Retirement benefits – Components may include Basic Annuity (FERS and CSRS), Thrift Savings Plan (TSP), and Social Security. (Note:  FERS and TSP are similar to PERS and 401k plans). The annuity benefit is based on your length of service and “high-3” average salary, reduced for survivor benefits, and subject to cost of living adjustments.

Retirement benefits from TSP are based on the account value – similar to 401k plans. Think of “fives” regarding TSP. First, consider contributing at least five percent to get matching contributions which are often five percent. (You may need to contribute more based on your situation). You get a huge return (100 percent here) on your contributions and ten percent of your pay goes to savings. Second, it’s simple investment menu – five index funds and five lifecycle funds. It’s a cheap way to invest – low management fees with index funds.  And you can contribute on a pre-tax or Roth option – the later may be better for those in a low tax bracket.

There are a couple of quirks to TSP such as (1) limited diversification – invest elsewhere if you want gold, real estate, small caps, etc.; (2) consider the other side to the “cheapest is best” rant – a bad (or poorly timed) investment, albeit cheap, is still a bad investment; and (3) limited withdrawal/distribution options – TSP encourages participants to transfer money in, but getting out is another issue.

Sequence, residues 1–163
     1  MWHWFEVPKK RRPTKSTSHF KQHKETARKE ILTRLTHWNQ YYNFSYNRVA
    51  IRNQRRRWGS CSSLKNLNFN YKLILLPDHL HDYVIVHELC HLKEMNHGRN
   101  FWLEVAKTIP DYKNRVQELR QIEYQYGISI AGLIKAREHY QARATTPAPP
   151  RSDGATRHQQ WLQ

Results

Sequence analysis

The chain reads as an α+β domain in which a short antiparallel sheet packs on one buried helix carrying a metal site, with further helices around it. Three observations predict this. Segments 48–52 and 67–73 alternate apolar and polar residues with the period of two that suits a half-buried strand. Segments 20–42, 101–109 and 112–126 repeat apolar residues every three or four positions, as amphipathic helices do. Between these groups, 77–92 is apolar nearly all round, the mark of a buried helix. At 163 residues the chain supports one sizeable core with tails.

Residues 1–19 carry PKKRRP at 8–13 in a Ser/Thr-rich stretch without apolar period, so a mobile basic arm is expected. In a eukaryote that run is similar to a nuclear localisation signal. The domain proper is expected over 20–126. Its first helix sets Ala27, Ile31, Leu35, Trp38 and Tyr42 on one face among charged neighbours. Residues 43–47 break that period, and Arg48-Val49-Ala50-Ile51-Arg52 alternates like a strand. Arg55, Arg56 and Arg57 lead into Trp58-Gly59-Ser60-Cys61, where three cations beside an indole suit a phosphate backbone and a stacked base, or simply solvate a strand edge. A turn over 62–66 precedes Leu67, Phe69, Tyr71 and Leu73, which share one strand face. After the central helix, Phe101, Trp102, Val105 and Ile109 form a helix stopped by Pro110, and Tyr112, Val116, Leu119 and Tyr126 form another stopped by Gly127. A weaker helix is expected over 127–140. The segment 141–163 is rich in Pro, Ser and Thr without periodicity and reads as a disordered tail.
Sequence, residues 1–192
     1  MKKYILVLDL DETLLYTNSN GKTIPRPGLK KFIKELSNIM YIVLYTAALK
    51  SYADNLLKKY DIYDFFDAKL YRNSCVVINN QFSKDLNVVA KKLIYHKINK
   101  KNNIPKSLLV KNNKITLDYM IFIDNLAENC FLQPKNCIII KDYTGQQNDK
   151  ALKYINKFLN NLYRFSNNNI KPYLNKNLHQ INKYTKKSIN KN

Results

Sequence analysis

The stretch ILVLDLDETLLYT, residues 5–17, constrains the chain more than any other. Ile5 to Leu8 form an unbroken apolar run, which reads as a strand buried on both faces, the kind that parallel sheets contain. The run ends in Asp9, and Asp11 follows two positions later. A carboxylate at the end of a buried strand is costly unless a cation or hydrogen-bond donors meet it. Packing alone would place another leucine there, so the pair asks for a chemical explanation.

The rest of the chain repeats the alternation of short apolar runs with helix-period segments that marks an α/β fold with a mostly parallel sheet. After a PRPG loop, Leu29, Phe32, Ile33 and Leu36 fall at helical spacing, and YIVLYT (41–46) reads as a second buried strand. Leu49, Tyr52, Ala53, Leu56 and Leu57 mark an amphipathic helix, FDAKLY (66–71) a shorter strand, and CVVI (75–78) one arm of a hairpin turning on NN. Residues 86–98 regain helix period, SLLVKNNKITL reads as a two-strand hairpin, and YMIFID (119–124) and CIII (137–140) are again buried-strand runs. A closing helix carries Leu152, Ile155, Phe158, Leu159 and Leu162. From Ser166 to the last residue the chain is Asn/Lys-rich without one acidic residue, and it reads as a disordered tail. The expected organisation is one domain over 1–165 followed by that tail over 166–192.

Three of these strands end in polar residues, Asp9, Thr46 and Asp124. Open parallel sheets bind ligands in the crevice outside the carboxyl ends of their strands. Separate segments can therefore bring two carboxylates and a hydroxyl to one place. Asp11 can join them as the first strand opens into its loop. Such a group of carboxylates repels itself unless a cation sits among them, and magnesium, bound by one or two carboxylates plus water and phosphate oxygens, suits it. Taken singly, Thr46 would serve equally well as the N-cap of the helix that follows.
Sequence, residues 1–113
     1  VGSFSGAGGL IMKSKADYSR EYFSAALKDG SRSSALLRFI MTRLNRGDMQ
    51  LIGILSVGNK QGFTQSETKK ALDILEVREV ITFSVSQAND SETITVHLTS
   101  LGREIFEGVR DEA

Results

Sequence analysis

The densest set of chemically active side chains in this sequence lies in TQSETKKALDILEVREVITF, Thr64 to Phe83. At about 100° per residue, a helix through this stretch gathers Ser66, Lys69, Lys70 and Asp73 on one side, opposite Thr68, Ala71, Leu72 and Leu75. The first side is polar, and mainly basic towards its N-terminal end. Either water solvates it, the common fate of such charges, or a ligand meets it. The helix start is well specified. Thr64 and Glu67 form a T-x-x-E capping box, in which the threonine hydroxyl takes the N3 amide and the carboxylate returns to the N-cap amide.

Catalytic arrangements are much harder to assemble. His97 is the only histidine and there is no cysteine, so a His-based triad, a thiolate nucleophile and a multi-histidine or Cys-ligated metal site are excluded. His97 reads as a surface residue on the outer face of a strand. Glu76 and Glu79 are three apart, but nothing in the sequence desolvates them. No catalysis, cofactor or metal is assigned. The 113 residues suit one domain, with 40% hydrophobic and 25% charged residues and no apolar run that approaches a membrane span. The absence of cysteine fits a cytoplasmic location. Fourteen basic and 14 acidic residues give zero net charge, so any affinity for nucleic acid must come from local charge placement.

Health benefits – The Feds have mass and offer a broad benefit and insurance program. I’ll cover three areas. Take a look at HSA (health savings) and FSA (flexible spending) to help cover out-of-pocket eligible healthcare costs on a tax-advantaged basis. Read the fine print of each. Second, review your life insurance needs and the group life program. Three reasons for insurance include income replacement, debt payoff, and estate taxes. The first two decrease over time, and few people have estate tax issues. And third, consider long-term care at  We’re not going to get out of this world alive and consider potential LTC costs of four to eight thousand bucks a month for up to four years. Note:  The second spouse can sell the house, but who is the first spouse needing LTC?

Some experts say the three biggest threats to a successful retirement include inflation, taxes and down markets. Only three? Consider the path being more like the Silk Road. The journey can be great, and the road bumpy, so let’s plan for it. Good luck.

Posted in Economy and Markets | Comments Off on The Silk Road and Planning for Federal Employees

3 Mistakes with 529 Plans to Avoid